|June 1, 2006
ANC backs Mbeki's leadership
The cabinet is standing behind President Thabo Mbeki's leadership, dismissing allegations that the country was sliding towards dictatorship. The criticism was levelled by alliance partner Cosatu shortly after the SACP charged that Mbeki's dominant presidency was undermining parliament. In detail, Cosatu leader Zwelinzima Vavi had said, that the main fears of the Cosatu central executive committee (CEC) centred on signs of a drift towards dictatorship. "Examples include the decision to pull a film said to be critical of the president off the SABC, the use of public institutions, including the NPA [National Prosecuting Authority], against Jacob Zuma, the purging of an allegedly pro-Zuma faction in the security services, the arrest of Cosatu leaders at the Swaziland border and in Cape Town and the heavy handed nature of the police dealings with protests." Vavi said the CEC was concerned about a combination of processes being used to marginalise opposition. "Dictatorship never announces its arrival," he continued and added that "the main concern of the committee centres on signs that we may be drifting towards dictatorship. This appears in the use of state institutions ... in narrow factional fights".
In reaction the ANC secretary general Kgalema Motlanthe said that the statements about tendencies towards dictatorship and the centralisation of powers within the ANC and government presidencies were not borne out by reality. "Unless properly rebutted, these statements may cause confusion and uncertainty among the membership of the alliance and among the broader public," he warned. According to him, the ANC would seek a meeting with its alliance partners, the South African Communist Party and the Congress of South African Trade Unions (Cosatu), to clarify these statements. "It will do so better to understand the views of these alliance structures to clearly communicate the positions of the ANC and ultimately to strengthen the alliance as a unified and coherent force capable of leading the process of national-democratic transformation." Motlanthe stressed the fact that the ANC was "not divided. There is no such division at all," he said.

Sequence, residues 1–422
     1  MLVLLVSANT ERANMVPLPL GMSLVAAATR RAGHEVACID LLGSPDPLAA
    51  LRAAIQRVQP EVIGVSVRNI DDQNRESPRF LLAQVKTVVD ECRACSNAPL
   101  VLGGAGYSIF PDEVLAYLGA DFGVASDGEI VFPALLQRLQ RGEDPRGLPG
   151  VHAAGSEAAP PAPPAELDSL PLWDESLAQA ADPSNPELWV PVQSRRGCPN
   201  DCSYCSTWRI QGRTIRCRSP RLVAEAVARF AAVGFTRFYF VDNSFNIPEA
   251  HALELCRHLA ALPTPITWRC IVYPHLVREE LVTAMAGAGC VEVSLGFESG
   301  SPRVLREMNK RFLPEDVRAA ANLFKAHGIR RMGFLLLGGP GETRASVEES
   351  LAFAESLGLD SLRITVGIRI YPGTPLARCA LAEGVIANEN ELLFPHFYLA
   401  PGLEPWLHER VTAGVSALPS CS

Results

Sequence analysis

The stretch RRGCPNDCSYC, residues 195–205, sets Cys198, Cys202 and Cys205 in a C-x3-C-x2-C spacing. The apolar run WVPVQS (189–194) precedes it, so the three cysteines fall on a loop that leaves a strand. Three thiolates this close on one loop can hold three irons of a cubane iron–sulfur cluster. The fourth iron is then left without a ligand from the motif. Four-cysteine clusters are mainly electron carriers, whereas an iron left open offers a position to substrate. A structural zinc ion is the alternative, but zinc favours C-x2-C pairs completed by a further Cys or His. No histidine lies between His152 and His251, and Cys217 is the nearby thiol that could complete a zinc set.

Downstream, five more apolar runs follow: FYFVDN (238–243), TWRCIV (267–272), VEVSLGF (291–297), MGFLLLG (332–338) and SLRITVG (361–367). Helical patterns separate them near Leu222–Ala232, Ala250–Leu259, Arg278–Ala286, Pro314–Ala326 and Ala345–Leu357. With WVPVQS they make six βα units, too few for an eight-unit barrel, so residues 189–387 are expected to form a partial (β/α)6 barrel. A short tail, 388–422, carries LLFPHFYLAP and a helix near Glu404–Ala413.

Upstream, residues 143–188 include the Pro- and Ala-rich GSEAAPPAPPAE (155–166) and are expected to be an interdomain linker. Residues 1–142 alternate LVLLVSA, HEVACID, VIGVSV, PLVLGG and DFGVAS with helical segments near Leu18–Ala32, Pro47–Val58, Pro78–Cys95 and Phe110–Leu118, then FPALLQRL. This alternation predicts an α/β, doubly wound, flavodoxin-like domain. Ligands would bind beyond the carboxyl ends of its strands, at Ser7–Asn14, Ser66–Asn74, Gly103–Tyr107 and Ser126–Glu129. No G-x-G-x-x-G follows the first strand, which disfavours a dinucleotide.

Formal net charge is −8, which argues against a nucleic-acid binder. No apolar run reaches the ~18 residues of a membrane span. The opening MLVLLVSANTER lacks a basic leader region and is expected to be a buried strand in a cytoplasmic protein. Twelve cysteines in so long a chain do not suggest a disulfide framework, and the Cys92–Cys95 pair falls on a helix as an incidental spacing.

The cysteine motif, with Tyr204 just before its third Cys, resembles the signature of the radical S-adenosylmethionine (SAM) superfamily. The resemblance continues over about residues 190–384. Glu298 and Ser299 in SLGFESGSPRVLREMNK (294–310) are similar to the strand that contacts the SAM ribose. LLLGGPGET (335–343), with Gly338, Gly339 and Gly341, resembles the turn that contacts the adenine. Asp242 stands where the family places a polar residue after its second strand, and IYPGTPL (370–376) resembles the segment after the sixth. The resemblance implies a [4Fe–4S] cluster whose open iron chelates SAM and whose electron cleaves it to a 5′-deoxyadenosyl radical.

He was speaking after a ANC national executive committee (NEC) meeting, which rejected as "without foundation" perceived notions of a division among senior ANC leaders. He said its deputy president, Jacob Zuma, attended the meeting but recused himself when the aftermath of his rape trial was discussed. Reasons behind discussing the rape trial during the meeting were because of certain "utterances" Zuma made during the trial and whether it "dented the image of the ANC," Motlanthe explained. He also stressed that in the ANC there was no provision for succession. “It's a foreign concept to the ANC. Succession happens in dynasties. We elect national leadership," Motlanthe stressed.
(The Mail & Guardian, Johannesburg / Business day, Johannesburg, Sapa)